Why does the focus on the search for the “gay gene” let down bi people in particular?

A lot of the people who argue for a gay gene do so on the basis that sexuality is binary (people are either gay or they are straight). For example the authors of the book Born Gay made exactly this point, and it is part of the reason that there has been a lot of research suggesting that bisexual people don’t really exist (which even the researchers who conducted that research now dispute).

So the search for a gay gene is implicated in bisexual erasure, which we know to be a big part of why bisexual people experience even higher levels of mental health problems than lesbian and gay people.

An alternative model of human sexuality is that, as with most aspects of human experience, it is on more of a continuum. The Kinsey scale is one (albeit over-simplified) example of such a model.

The idea that sexuality and gender are diverse and fluid has a lot more room in it for bisexuality and for all the other people who don’t experience themselves in a binary manner, or don’t experience their sexuality as being all about the gender they’re attracted to. Suddenly instead of there being a small percentage of LGBT people, we can see that people as a whole are gender and sexually diverse, and that at least a third of people experience their sexual and/or gender as somehow beyond the binary.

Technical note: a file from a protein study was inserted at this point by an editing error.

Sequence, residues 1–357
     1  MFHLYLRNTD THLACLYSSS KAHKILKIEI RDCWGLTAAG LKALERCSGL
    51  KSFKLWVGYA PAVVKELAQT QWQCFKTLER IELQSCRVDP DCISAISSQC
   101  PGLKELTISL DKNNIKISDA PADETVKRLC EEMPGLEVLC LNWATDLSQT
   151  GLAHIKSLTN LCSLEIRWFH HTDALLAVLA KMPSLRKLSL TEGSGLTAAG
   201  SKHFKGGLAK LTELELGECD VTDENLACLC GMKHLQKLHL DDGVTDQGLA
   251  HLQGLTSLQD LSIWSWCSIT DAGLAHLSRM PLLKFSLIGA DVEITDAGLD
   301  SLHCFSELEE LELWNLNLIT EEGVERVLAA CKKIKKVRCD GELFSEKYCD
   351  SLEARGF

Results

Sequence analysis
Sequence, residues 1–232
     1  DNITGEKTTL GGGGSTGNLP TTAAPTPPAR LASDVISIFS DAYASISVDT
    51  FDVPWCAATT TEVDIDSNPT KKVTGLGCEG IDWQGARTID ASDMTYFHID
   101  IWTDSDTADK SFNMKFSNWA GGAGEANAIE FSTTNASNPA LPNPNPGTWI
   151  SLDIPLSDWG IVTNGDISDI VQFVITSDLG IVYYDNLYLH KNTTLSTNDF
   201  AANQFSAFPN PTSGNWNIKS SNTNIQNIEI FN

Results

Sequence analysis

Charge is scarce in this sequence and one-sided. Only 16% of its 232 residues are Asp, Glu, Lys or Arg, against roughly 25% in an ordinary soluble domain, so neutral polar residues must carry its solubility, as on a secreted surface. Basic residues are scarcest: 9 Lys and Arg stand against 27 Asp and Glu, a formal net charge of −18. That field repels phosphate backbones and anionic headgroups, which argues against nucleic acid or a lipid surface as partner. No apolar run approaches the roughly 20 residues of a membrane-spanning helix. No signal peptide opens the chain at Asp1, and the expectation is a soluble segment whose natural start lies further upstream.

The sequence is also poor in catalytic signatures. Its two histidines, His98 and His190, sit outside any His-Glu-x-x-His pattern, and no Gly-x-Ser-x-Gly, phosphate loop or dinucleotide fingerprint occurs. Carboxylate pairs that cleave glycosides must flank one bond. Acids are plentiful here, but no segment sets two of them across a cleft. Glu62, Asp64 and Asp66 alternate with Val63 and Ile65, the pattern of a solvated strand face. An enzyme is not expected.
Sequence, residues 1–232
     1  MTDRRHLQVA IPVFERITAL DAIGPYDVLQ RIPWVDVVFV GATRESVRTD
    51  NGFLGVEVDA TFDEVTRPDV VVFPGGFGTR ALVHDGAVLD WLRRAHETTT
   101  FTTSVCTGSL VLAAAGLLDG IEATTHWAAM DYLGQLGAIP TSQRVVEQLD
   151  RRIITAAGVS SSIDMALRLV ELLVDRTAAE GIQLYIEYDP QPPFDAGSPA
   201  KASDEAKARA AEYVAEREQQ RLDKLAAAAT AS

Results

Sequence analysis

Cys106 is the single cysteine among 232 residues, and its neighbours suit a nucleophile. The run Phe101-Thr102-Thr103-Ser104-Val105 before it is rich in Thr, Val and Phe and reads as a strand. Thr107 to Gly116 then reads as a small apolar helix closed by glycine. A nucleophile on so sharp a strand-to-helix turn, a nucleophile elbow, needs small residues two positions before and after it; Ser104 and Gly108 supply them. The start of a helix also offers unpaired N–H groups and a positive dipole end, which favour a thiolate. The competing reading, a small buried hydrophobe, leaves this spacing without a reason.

Might there be such thing as a “bi gene”? Would looking for that too make things more fair?

As with the gay gene it would be very unlikely that there was a single gene for bisexuality, and also given the biopsychosocial nature of sexuality, I would see it as rather problematic to just focus on the biological part. There’s something political about all this research which focuses on genes and on brains (most of which is far more funded than other kinds of research). It seems to be based on the assumption that we need to prove that we are real in order to be treated fairly. And it is based on the assumption that we need to explain why people are gay or bisexual, in a way that we never do in relation to heterosexuality.

I’m not saying that we should never research the biological elements of human experience. It is certainly part of the picture. But we do need to consider why we focus on it to the exclusion of other elements.

Sexuality is diverse thing. We are attracted to all different kinds of people (not just on the basis of gender), we enjoy a wide variety of sexual practices, we take on different roles, we have different fantasies. Perhaps instead of focusing on how to explain one small aspect of human sexuality, we could expand out to capture the full diversity of it in a way that might really let people know that their sexuality was just as acceptable as anybody else’s.


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  1. Amanda Law

    8 September

    I completely agree, Meg, what’s important is accepting LGBT people for who we are, not why.